The Man with Six Senses by Muriel Jaeger

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First published in 1927, The Man with Six Senses tells the story of Michael Bristowe, a young man with a natural dowsing ability that, through practice and experiment, becomes so acute that he can tell what change a person is carrying in their pocket and whether they’ve eaten recently without even getting up out of his chair. It also tells the story of Hilda, the educated young woman who tries to help Michael, and of Ralph the older man who has just returned to England with the intention of marrying Hilda. (And no, he hasn’t asked her if she wants to).

Book cover for The Man with Six Senses by Muriel Jaeger showing a green crystal

Ralph is the narrator. He’s also an absolute arse. He is a condescending snob with an inflated sense of self-importance and a wilful blindness to other people’s (particularly Hilda’s) wishes. One hundred and ninety-one pages in his company was a hundred and ninety pages too many. Michael, who would have been the protagonist if Ralph were able to focus on anyone other than himself, was an almost equal arse: moody, selfish and rude, although I did have to keep reminding myself that as Ralph was telling the story, this impression of Michael wasn’t one I’d formed on my own. Even taking Ralph’s bias into account however, Michael is … difficult … to like.

And Hilda. In another story, Hilda would most definitely be the heroine. She is practical, rational and she’s the only character who makes anything happen. If she comes across as a little cold, I’m pretty sure that’s due to Ralph’s interference, as he spends half the book idolising her (and thus failing to see her way up there on her chilly pedestal) and the other half disgruntled with her for not doing what he expected (which he only expected because he never bothered to get to know her in the first place. Like I say: arse).

Do I need to mention that this book was not a happy read for me?

No? OK then.

I’m still questioning it’s claim to the label of science fiction. Michael’s curious ESP is believed by Hilda to be a significant evolutionary step forward, something to be protected, nurtured and passed forward. (Ralph thinks Michael is a pain in the bum … but he should try looking in the mirror). A couple of attempts are made in the story to find a practical application for Michael’s powers – including identifying ore deposits, finding lost persons and dead bodies, and locating oil – and that he proves ineffective in some of these roles and is replaced by technology in others only makes this novel even more unsatisfactory. Essentially, the human power of invention negates the need for the evolution of new physical strengths.

I’m over-simplifying there, I know, but that’s how I read it. In fact, I’m inclined to think that Jaeger is actually quite slyly suggesting at the end that it is Hilda’s wonderfully non-romantic, rational nature that will be of more use to following generations than any handy-wavy ability to count people’s pocket change. I certainly think she’s firmly rejecting Ralph and his women-are-only-there-to-support-the-menfolk stance when she finally condemns him to the unmarried state (thus denying him the possibility of passing on his genetic heritage and his block-headed ideas).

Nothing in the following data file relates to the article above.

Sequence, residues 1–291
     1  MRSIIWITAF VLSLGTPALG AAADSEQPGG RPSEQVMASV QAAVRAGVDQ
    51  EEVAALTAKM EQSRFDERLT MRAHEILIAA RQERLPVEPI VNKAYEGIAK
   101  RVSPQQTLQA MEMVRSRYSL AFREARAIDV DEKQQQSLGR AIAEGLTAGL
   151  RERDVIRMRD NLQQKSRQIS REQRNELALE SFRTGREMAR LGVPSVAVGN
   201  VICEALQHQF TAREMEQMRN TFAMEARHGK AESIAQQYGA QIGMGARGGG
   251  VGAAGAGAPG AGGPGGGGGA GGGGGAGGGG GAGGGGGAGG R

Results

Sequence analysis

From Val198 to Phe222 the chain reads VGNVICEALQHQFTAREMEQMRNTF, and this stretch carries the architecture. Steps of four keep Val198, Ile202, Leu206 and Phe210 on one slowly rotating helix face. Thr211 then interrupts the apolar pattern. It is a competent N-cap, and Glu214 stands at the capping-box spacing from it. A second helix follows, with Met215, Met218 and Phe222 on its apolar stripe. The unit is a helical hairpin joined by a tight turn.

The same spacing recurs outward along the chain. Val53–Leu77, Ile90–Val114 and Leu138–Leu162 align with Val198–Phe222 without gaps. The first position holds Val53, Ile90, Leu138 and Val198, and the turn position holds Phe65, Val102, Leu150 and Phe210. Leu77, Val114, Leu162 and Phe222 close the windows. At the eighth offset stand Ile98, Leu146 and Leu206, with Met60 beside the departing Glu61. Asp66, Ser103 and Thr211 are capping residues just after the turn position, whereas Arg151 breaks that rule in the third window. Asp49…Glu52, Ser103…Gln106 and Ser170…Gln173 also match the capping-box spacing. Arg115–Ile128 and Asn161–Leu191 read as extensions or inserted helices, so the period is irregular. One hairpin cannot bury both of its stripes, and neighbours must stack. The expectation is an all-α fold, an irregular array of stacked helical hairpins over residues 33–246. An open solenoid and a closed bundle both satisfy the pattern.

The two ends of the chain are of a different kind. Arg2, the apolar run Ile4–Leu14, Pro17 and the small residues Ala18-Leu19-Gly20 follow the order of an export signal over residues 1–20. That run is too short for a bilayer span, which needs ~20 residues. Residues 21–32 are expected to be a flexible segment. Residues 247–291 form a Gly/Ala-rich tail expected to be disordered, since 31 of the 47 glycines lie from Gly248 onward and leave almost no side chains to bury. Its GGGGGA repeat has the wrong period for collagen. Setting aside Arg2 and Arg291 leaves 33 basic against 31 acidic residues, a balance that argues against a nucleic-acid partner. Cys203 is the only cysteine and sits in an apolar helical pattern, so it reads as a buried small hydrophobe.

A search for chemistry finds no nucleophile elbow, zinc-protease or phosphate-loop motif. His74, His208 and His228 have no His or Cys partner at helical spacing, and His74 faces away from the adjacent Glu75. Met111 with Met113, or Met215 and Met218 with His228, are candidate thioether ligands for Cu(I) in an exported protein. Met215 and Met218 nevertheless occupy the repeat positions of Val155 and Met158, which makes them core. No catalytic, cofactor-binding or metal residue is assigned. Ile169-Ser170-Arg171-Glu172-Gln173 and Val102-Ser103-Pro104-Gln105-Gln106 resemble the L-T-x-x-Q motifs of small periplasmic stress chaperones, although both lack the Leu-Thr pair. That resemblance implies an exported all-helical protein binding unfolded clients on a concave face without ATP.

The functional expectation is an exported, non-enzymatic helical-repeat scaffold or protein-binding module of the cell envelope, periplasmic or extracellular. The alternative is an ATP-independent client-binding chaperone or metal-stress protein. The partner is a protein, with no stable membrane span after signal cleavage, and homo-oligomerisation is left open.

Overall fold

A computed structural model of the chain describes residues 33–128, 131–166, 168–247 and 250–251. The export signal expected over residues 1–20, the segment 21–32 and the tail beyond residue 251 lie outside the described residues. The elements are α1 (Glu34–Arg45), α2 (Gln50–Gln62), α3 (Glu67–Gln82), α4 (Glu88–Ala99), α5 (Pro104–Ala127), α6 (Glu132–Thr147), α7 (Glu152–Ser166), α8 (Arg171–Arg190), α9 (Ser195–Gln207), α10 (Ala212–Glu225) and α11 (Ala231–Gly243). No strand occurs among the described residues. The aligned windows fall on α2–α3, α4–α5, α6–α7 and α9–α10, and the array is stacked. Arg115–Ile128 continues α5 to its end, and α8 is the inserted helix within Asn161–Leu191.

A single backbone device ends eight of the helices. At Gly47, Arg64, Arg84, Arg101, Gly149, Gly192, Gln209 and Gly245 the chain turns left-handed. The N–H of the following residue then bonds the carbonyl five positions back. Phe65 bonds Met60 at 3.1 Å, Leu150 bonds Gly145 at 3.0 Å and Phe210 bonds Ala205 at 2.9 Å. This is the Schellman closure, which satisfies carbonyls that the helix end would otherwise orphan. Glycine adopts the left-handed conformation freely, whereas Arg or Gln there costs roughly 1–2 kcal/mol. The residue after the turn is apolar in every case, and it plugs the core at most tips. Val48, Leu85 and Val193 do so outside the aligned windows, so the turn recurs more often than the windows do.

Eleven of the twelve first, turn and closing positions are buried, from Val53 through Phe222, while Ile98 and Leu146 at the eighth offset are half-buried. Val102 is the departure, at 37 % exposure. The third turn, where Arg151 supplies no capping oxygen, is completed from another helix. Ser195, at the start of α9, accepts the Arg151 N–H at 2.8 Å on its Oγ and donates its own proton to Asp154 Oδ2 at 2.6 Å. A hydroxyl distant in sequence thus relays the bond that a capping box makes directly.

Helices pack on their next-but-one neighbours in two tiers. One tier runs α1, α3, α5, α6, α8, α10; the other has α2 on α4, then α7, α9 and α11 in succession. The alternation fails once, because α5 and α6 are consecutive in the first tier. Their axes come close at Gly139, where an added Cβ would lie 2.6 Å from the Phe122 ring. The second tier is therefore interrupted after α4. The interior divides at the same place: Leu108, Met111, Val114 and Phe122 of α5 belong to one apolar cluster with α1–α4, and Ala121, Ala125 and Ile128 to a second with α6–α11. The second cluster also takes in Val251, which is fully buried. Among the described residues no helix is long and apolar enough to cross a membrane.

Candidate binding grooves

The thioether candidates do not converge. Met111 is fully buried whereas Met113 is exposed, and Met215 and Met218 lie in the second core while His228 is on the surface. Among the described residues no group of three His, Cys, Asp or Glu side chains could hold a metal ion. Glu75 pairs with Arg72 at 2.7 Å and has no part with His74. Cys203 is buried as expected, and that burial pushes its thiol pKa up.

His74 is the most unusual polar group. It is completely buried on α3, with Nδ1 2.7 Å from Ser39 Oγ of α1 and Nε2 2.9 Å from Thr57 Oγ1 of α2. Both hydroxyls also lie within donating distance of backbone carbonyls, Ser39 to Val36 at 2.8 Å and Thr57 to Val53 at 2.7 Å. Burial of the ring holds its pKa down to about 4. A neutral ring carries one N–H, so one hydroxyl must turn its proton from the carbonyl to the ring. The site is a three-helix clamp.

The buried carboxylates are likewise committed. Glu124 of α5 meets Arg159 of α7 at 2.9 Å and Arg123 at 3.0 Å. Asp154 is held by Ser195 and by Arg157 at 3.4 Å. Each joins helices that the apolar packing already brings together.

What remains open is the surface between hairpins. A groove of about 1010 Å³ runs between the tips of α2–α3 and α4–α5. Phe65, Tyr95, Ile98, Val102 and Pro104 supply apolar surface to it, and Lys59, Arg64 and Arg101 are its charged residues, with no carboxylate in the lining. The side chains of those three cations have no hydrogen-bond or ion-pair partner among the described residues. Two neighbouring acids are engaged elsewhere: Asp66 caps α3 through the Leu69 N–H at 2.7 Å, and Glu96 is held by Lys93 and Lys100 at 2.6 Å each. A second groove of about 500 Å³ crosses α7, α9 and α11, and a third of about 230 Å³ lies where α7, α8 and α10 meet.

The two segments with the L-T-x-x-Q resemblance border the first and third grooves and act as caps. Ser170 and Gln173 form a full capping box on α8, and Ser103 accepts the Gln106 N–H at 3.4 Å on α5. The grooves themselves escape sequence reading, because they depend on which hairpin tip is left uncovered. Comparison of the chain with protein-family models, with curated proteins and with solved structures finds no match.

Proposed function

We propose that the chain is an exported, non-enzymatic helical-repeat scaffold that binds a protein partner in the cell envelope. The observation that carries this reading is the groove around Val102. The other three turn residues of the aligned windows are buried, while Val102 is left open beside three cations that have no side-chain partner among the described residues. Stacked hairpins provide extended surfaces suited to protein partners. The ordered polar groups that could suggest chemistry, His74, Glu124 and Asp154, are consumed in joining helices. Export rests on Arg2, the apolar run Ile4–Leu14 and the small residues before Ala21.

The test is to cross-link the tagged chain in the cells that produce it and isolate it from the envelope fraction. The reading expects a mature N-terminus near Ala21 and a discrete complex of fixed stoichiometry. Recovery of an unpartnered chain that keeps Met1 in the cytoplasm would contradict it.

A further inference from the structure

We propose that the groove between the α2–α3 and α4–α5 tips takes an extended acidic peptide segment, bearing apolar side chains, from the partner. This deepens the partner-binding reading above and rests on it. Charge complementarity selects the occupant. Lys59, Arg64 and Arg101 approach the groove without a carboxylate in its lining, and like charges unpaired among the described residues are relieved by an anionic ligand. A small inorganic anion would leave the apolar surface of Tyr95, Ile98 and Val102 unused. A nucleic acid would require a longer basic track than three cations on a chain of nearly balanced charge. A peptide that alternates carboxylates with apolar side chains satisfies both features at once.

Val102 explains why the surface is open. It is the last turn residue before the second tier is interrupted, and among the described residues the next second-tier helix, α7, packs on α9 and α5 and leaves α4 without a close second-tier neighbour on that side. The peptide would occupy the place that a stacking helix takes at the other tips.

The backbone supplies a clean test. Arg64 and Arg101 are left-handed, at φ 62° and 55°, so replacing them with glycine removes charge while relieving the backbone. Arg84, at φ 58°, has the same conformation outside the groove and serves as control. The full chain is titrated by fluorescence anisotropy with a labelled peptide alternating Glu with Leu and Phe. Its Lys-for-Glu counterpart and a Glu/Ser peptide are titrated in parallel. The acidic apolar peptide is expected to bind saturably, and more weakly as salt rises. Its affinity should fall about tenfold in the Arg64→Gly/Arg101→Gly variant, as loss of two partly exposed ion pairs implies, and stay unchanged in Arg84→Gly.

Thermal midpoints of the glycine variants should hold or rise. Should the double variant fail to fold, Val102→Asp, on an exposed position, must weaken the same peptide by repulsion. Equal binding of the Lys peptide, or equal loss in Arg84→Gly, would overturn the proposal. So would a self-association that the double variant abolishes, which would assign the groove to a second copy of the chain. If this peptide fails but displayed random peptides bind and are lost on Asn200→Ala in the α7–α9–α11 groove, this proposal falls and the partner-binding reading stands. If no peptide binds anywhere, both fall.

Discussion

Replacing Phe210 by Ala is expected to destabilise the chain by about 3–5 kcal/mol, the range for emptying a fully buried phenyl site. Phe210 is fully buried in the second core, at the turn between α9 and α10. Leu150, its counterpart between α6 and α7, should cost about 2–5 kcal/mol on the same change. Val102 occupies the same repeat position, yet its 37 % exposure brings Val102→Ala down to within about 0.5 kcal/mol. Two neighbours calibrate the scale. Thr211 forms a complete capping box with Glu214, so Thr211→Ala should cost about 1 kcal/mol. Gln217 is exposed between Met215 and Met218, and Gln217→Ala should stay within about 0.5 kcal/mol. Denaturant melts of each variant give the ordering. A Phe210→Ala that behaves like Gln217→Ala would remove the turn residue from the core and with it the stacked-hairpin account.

What else can I really say about this book? Jaeger’s writing is economical but, apart from one brief, lovely moment involving a sugar bowl, I didn’t find it particularly evocative. I had no real sense of place while reading this beyond ‘non-descript bit of English countryside’, ‘non-descript country pile’, ‘non-descript London flat’, although I think that may have been more to do with the nature of the story and the way in which it was being told. However, Jaeger damns Ralph with his own words again and again, in a way that in other hands would have been hilarious, but was no less clever for being delivered straight. It takes skill to have that tight a control over a character’s voice, I think. I only mourn that these weren’t characters I wanted to know.


I saved this book to be my last read for Vintage SciFi Month because I had no expectations of it. All the other books I’ve read this month – The Time Machine by H G Wells, Morlock Night by K W Jeter, The Crystal World by J G Ballard and Stranger in a Strange Land by Robert A Heinlein. I had some notion of before cracking the spine (just a figure of speech! I don’t actually do that!), but this one was just a chance find from the library. I hadn’t even heard of it before I saw it on the shelf. And that’s something I love about Vintage SciFi Month: that it pushes me to pick up books I might not otherwise try out. This time round, it didn’t work out so well.

But there’s always next time … *wink*


  1. I didn’t pass my comfort zone too much, and mostly stayed way after 1950, tending to the 1980s.
    The older it gets, the lower my expectations. And your readings seem similar.
    I guess it’s better to scratch the border zone than to dive fully into that time 😊

    Liked by 2 people

  2. The further back you go, the more tenuous the connection to SF things get. and considering that the magazine was king, lean, sparse and barebones was the name of the game.
    My cutoff point tends to be the 1940’s for SF.

    Liked by 1 person

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